Many professionals work hard, put in years of education and went to Harvard or got the best online business degree and for their effort, they enjoy a high standard of living… and yet find that something vital is missing from their lives. After the soul searching begins, their focus shifts from how to climb the corporate ladder to how to create a meaningful life. For many, that may mean taking their extensive knowledge and professional certifications and teaching those skills to others.
Forest the Quant
The experience of Forest, a former Wall Street quant, is prime example. He had what some would call a dream job, creating algorithms for large trading firms. It was work that he loved. But when his wife died after an extended illness, suddenly the dream job, the hefty salary, the pleasures and perks, none of it seemed to matter anymore. He wanted to connect with people, to do something worthwhile and meaningful in the long term. So he applied for a job as a math teacher at a private boarding school in the far flung deserts of Arizona.
No longer filled with the corporate rush and demands of Wall Street, Forest’s days were filled with students trying to grasp the elements of a rigorous calculus program. He frequently met with students as early as 7:00 a.m., discussing calculus over breakfast. His late night study sessions were legendary, lasting sometimes into the wee hours. His students excelled.
Was he happy he made the change? As he weighed backpacks, preparing to lead students on a week long trip into the Grand Canyon, he laughed and answered, “It’s the best thing I ever did. I am shaping the future, I am teaching. And it matters.”
Kurtis the Lawyer
Kurtis was a high level attorney, successful enough to retire early. But he found retirement just didn’t offer him enough stimulation. So he started an after-school debate club at the local junior high. Needing other schools to debate with, he expanded the program district-wide. Eventually, he found that he loved being at the school, loved sharing knowledge with the kids, and was invited to become a history teacher. Because he lacked the teaching credentials required for public school, he was fast tracked through a special state program, earning a temporary credential while completing a one-year online certification course.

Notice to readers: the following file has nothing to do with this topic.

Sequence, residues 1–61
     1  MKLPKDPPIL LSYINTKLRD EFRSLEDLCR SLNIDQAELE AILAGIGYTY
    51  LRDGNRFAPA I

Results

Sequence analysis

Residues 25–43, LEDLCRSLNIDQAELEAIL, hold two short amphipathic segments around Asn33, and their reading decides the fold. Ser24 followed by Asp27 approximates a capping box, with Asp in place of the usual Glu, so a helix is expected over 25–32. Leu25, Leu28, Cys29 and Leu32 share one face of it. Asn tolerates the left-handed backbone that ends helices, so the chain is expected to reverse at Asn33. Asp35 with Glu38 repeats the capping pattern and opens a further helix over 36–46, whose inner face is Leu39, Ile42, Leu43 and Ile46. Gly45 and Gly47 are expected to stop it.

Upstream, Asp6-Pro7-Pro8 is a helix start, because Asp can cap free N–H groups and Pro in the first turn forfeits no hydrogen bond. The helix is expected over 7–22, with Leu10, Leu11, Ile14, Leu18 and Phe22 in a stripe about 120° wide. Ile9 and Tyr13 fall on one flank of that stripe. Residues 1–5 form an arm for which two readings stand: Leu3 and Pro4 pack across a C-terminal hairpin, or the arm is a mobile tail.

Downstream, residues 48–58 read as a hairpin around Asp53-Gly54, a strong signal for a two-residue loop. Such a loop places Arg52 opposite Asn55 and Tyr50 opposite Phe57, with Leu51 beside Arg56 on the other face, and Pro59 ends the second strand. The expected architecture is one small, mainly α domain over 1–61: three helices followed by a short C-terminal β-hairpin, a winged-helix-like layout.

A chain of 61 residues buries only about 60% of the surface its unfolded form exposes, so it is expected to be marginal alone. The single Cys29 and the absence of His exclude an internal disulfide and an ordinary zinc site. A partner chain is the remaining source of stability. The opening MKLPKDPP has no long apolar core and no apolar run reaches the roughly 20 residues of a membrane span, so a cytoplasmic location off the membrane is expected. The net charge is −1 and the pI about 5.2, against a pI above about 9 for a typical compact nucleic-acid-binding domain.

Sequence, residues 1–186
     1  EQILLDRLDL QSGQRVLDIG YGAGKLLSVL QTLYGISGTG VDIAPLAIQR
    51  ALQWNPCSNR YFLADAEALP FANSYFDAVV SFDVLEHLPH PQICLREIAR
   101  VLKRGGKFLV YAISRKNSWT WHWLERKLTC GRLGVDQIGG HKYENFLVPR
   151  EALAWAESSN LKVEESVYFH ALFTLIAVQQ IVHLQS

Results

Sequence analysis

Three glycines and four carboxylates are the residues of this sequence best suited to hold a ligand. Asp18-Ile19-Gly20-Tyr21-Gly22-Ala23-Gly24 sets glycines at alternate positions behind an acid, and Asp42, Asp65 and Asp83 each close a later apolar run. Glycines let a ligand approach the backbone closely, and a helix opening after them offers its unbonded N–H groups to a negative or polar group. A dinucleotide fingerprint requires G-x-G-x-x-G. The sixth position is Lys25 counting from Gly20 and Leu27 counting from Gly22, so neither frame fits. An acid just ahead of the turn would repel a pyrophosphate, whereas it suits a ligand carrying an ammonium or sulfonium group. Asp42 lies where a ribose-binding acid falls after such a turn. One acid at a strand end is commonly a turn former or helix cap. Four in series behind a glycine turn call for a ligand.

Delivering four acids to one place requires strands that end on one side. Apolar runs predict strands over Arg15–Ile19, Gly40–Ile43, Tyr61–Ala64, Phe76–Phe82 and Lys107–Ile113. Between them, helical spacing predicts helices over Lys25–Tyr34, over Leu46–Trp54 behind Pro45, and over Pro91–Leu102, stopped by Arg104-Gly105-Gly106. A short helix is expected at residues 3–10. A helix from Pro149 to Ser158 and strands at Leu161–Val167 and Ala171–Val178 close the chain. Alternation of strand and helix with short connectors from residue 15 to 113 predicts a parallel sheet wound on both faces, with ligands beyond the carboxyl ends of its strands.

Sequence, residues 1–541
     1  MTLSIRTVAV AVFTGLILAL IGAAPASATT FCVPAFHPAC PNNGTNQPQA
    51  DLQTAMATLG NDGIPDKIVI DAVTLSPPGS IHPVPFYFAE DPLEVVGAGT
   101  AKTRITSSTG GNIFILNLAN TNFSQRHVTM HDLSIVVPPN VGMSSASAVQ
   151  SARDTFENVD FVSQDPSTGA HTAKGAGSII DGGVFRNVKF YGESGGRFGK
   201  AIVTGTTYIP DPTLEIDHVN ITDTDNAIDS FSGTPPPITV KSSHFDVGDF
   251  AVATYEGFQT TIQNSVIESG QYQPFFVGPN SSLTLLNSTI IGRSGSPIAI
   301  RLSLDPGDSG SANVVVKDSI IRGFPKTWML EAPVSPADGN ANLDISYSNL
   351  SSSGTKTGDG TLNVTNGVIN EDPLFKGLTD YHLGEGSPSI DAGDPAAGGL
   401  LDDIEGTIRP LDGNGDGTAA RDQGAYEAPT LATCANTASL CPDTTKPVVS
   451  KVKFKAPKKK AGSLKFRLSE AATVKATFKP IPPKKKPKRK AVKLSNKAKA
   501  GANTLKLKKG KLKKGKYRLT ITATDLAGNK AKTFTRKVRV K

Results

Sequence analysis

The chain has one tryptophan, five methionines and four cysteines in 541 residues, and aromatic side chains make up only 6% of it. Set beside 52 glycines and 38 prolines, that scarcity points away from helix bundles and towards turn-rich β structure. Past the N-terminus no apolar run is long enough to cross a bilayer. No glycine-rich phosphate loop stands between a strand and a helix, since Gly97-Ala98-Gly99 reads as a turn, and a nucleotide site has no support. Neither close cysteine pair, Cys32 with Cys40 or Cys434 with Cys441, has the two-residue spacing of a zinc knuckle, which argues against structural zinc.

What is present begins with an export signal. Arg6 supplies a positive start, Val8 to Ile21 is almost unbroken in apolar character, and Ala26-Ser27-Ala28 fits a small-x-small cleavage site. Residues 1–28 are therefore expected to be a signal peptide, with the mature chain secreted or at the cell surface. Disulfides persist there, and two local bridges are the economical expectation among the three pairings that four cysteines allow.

Professionals who are the most successful making the transition into a new vocation seem to have one thing in common: they turn to teaching as if it were a calling. They are willing to accept pay reductions in exchange for a career that offers them a deeper sense of meaning and satisfaction. Ultimately, they find that success and fulfillment have less to do with one’s professional calling than with a desire to share knowledge with others.
Teaching as a Second Career
In the past, it was difficult for professionals to enter education as a second career, particularly in K-12 schools which required teaching degrees. Recognizing that a tremendous resource was being overlooked, many states have enacted programs to make it easier for professionals to transition into the classroom.
According to Encore.org, an online resource for second careers, “community colleges are creating new and more flexible pathways to becoming second-career teachers.” Math, science, law and business professionals now may be granted interim licenses to teach, while taking accelerated credential courses. At the four-year college level, the transition is somewhat easier, generally requiring a degree in the subject field, which many applicants already possess.
Teaching offers many professionals a second career choice. As any teacher can affirm, it isn’t necessarily easier, the hours may be just as long, the schedule just as grueling, but in the end it seems well worth it — an opportunity to make a real difference in the lives of students, to share valuable knowledge gained in one’s profession. And, in the end, help to create a better world.
(Note: AARP and Emmy Award-winning journalist Jane Pauley have teamed up to produce a series of TV and online segments featuring people age 50+ who are reinventing themselves in new and different ways.)